Colorado has taken yet another step towards sensible, progressive drug policy with Governor Pollis signing into law House Bill 19-1263, which “de-felonizes” the mere possession of many common drugs and modifies the sentences for drug misdemeanor charges to focus on treatment rather than punishment.
House Bill 19-1263 follows in the footsteps of other recent reforms, such as the creation of “Drug Felony” and “Drug Misdemeanor” offenses in 2013 and provisions that encourage treatment over incarceration and allow drug convictions to be sealed. These laws come in response to a growing national consensus that the criminalization of drug use and addiction turns addicts in need of treatment into criminals with a record that prevents them from gaining the employment, education, and housing necessary for recovery and re-integration into society.
House Bill 19-1263 changes Colorado’s drug laws in several key ways.
First, the bill changes simple possession of a Schedule I or II controlled substance, such as heroin, LSD, MDMA, cocaine, and ecstasy, from a Drug Felony 4 to a Drug Misdemeanor 1. Since 2013, the law encouraged the use of a prison sentence on possession charges only as a last resort and “wobbler” provision allowed Drug Felony 4 possession charges to retroactively be downgraded to a Drug Misdemeanor 1 in certain cases after a period of probation or community supervision was completed. Now, unless there is evidence to support a distribution charge, possession of such substance will be charged as a misdemeanor that cannot carry a prison sentence. Even more important, a conviction is no longer a felony and can be sealed 5 years after the completion of any sentence.
Second, the bill changes the potential penalties for Drug Misdemeanor 1 and Drug Misdemeanor 2 offense in an effort to reconcile punishment with an understanding that “drug use and possession is primarily a health concern and should be treated as such by Colorado courts.” A Drug Misdemeanor 1 now carries a potential sentence to 2 years of probation with up to 180 days jail for any violation (down from a potential 6-18 month jail sentence) and a fine up to $1000. A Drug Misdemeanor 2 now carries a potential sentence to 2 years probation with up to 120 days jail for any violation (down from a potential 12 month jail sentence) and a fine up to $500. The bill includes instructions that treatment, not punishment, is the goal, and that punishment for offenders who are determined to not need treatment should be minimal.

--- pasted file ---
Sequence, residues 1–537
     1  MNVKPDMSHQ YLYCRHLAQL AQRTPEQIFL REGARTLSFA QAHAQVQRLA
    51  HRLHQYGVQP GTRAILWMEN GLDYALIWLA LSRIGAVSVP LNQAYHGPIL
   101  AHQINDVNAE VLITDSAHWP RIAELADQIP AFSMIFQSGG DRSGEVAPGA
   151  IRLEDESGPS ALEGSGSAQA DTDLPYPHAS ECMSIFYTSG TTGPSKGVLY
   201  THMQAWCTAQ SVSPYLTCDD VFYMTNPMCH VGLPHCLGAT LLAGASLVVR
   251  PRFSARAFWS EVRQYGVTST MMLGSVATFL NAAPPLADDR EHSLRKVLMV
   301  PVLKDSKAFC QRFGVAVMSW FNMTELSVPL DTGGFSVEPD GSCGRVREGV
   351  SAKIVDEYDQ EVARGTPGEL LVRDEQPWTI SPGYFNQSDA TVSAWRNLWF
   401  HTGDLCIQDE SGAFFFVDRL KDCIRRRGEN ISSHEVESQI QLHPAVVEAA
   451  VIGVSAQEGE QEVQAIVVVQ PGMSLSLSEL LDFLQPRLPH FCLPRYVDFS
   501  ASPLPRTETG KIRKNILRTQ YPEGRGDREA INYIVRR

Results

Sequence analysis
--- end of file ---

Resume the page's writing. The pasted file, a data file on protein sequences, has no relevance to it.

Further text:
In addition to the major provisions, the bill also includes some minor tweaks to existing drug laws. HB 19-1263 gets rid of drug felony charges for possession of over 12 ounces of marijuana or 3 ounces of marijuana concentrate. Possession of over 6 ounces of marijuana or 3 ounces of concentrate is now a Drug Misdemeanor 1, and possession of 2-6 ounces of marijuana or less than 3 ounces of concentrate is a Drug Misdemeanor 2. The bill also requires officers to issue a summons (a ticket) rather than arrest for possession of less than 2 ounces of marijuana and modifies the possible sentence for charges involving the abuse of toxic vapors, commonly known as “huffing”. Finally, the bill allows courts greater discretion in the imposition of community service hours for drug offenders and creates a grant to fund “Drug Court” programs.
HB 19-1263 goes into effect on January 1st, 2020. The bill is not retroactive, so any drug charge from before January 1st, 2020 will fall under the old existing law.
While HB19-1263 should be applauded as another step towards sensible drug policy that recognizes the true nature of drug use and addiction, facing a drug charge is still a serious matter that merits retaining experienced legal counsel. If you or a loved one is facing a drug charge, please contact Jurdem LLC and let us help you navigate this complex and evolving area of law.